Ways to remember and celebrate a life; sharing and cherishing your memories

Thanks for the memory
Of Schubert’s Serenade
Little things of jade
And traffic jams
And anagrams
And bills we never paid…
(From ‘Thanks for the memory’. Lyrics by Leo Robin)

The first memorial most of us create to someone we have loved is a funeral service. This gives us an opportunity to share memories, as well as photos, and to talk about the person who has died. However, it can be difficult to plan this, often at short notice, so it does justice to the memory of a loved one in the time allowed. Some venues offer more flexible options, for example, longer services to accommodate your requirements.

Recent Covid-19 restrictions, that limit the number of mourners who can attend a funeral, have made it more challenging at some venues to plan the funeral or memorial service you wanted. Venues such as GreenAcres parks can incorporate live-streaming or recording of services so you can share them with many more people.

Of course, there are other ways – both traditional and less conventional – to remember your loved one and celebrate their life. You don’t need to involve a funeral director if you’re organising a memorial service after a burial or cremation, or to commemorate the life of the person you loved in the way you wish. This can normally be arranged directly with the venue.

While many people choose to arrange for a traditional, permanent memorial, such as a headstone or mausoleum, others choose to scatter their loved one’s ashes in a place the person enjoyed visiting, perhaps a special spot in the countryside or at sea.

Living memorials

With increasing awareness of our impact on the environment, living memorials such as planting a native tree offer a ‘greener’ way to commemorate a loved one, as well as providing habitats for a range of wildlife. Parks, such as GreenAcres, have a range of native trees selected by the Grounds Team that a family can choose from. Or you can plant a biodegradable urn that, along with the surrounding soil, nurtures a tree or wildflowers with your loved one’s ashes.

Woodland memorials

Within burial parks and woodland cemeteries, like GreenAcres, you have the option of creating a memorial that’s also a natural habitat for birds, bees, owls, butterflies or bats. And at GreenAcres Parks, you can choose to commemorate your loved one in beautiful surroundings, regardless of whether or not they have been laid to rest at one of our parks.

It’s traditional for graves in natural environments to be marked with a simple oak plaque, with an inscription of your choice. You can also place a memorial bench or other memorial in some burial parklands, along with an engraved plaque to your loved one.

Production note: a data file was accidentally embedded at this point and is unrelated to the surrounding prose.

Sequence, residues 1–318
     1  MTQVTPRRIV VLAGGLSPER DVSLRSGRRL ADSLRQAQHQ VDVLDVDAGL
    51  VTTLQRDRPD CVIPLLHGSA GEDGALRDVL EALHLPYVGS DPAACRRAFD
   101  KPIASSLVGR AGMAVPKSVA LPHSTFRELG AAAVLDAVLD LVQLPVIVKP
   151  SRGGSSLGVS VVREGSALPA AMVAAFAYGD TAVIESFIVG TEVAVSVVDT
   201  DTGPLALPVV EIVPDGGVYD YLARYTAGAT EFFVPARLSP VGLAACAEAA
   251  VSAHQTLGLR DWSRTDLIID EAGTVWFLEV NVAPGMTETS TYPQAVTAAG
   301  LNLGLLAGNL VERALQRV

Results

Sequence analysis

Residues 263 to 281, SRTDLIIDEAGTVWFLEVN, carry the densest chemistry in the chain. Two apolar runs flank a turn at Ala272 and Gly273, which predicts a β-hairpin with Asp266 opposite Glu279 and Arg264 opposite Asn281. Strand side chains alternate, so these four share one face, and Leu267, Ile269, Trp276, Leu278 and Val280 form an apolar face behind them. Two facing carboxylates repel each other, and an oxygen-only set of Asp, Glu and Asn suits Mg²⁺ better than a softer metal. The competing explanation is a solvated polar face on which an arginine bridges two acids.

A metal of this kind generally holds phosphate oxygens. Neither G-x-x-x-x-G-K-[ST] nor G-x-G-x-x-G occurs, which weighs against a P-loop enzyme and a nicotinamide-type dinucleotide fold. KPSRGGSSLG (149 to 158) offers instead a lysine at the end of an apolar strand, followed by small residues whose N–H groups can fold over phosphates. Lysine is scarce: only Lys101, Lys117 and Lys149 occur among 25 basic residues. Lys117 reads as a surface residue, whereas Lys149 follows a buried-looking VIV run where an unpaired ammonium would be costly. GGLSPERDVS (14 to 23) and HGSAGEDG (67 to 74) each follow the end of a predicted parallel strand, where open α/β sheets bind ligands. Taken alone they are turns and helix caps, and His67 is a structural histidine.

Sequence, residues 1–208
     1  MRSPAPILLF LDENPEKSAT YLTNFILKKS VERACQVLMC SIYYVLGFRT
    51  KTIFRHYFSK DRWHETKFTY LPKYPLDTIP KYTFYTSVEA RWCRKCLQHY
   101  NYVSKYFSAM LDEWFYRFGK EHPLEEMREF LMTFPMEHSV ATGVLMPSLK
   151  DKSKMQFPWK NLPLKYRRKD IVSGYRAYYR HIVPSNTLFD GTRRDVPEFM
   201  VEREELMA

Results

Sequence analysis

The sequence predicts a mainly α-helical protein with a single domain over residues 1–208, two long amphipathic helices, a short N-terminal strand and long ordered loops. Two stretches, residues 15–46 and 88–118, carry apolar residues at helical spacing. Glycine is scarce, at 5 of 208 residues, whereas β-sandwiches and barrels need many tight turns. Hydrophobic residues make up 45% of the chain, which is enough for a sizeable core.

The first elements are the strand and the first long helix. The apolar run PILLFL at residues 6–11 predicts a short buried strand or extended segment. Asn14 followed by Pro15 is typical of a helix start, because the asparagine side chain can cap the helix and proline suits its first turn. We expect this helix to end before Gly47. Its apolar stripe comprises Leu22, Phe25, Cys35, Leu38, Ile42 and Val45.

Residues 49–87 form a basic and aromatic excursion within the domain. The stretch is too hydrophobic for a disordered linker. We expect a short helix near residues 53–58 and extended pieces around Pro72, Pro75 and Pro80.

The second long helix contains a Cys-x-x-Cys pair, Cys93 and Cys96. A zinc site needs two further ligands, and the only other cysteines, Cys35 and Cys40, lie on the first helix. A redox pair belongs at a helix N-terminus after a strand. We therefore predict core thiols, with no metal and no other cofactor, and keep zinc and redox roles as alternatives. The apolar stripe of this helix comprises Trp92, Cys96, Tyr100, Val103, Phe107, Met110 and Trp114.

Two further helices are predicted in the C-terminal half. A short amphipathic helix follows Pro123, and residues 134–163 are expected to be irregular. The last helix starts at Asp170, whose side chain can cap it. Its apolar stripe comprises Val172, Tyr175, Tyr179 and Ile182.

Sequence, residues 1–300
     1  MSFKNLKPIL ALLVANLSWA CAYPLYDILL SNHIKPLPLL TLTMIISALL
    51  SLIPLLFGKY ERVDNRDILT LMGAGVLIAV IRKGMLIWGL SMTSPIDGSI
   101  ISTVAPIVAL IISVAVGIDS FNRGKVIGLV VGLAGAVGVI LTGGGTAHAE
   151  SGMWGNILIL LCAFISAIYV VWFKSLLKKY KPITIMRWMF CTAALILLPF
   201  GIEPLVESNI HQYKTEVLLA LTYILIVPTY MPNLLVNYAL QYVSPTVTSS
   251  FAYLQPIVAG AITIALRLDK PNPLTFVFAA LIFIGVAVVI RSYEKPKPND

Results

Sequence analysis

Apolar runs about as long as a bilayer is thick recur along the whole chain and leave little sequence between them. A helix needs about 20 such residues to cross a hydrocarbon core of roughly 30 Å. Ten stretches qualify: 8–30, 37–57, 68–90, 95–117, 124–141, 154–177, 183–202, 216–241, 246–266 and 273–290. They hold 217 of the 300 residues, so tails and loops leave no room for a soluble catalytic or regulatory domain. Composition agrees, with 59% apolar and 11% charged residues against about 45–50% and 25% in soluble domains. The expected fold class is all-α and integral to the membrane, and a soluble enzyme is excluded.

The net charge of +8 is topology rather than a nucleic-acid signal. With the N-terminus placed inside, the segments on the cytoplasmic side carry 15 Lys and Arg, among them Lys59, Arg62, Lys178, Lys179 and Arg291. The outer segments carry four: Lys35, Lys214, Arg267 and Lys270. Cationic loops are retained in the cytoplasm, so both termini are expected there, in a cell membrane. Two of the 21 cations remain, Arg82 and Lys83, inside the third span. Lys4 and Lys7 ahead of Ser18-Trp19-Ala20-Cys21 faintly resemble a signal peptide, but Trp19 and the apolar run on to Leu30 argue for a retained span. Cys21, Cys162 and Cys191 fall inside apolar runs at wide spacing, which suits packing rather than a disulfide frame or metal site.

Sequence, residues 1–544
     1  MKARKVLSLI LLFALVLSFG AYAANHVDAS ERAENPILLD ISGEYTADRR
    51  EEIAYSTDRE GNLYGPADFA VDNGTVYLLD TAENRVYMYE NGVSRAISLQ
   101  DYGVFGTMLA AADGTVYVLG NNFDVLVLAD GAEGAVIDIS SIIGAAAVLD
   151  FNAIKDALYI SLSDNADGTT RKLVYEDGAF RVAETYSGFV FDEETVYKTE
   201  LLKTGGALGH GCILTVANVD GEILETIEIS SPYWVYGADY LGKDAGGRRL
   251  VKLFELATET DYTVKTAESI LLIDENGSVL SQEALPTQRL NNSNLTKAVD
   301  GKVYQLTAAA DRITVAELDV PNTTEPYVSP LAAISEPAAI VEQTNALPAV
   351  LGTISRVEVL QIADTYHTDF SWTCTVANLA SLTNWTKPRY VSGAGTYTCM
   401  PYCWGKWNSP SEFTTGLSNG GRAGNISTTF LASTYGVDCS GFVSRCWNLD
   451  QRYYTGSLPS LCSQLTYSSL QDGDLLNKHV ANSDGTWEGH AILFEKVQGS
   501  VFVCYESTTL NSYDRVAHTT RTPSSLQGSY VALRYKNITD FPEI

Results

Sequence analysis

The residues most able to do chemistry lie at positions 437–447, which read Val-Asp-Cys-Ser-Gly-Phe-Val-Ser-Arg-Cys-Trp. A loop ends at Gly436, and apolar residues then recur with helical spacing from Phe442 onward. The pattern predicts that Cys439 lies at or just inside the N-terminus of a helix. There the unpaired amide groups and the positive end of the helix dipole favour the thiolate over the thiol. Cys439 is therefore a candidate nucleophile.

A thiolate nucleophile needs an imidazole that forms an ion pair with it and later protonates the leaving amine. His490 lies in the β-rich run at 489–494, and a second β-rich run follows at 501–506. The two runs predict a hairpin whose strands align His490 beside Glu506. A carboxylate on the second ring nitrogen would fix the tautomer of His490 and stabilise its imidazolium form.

Personal keepsakes

Personal keepsakes are designed to hold a small quantity of ashes. The wonderful thing about them is they can provide the opportunity for every member of the family to retain a treasured memory of their own should they so wish.

Keeping your loved one close

Some people achieve a feeling of having their loved one close to them by keeping some ashes in a cuddly toy. And there’s an increasingly popular trend, mixing ashes with body ink to create a permanent tattoo, to keep someone you love permanently close to your body. Ashes can also be incorporated into memorial jewellery or ornaments, a popular way of feeling near to someone you have lost.

Reaching for the skies

Families are increasingly looking for more original and personalised ways to remember someone, such as scattering their ashes during a tandem skydive, creating a vinyl record that contains compressed ashes, or saying goodbye via a professional memorial firework containing cremated ashes.

Burying ashes at home

Some people bury all or some of the ashes in their garden, although it’s worth considering what might happen if you move to a new home in the future, which might make it difficult to visit your loved one’s resting place.

Planning your own memorial

While it might seem strange to consider how you’d like to be remembered after your death, planning ahead can give you peace of mind. It can also help your family at a difficult time, by knowing they’re doing what you’d have wanted.

If you haven’t already thought about whether you’d want to be buried or cremated, and where you wish to be laid to rest, visiting a contemporary cemetery such as GreenAcres can help you to make some of those difficult decisions. You’re welcome to arrange a tour and talk things through with a member of the team.

GreenAcres parks provide a beautiful setting for your final resting place with many opportunities to represent the way you wish to be remembered for years to come.

And, unlike many other cemeteries, when you purchase a plot in any of the parks (whether for a Full Burial or an Ash Interment), you can choose the place you want to be buried from a variety of beautiful settings. You can also select the type of funeral or memorial service you want.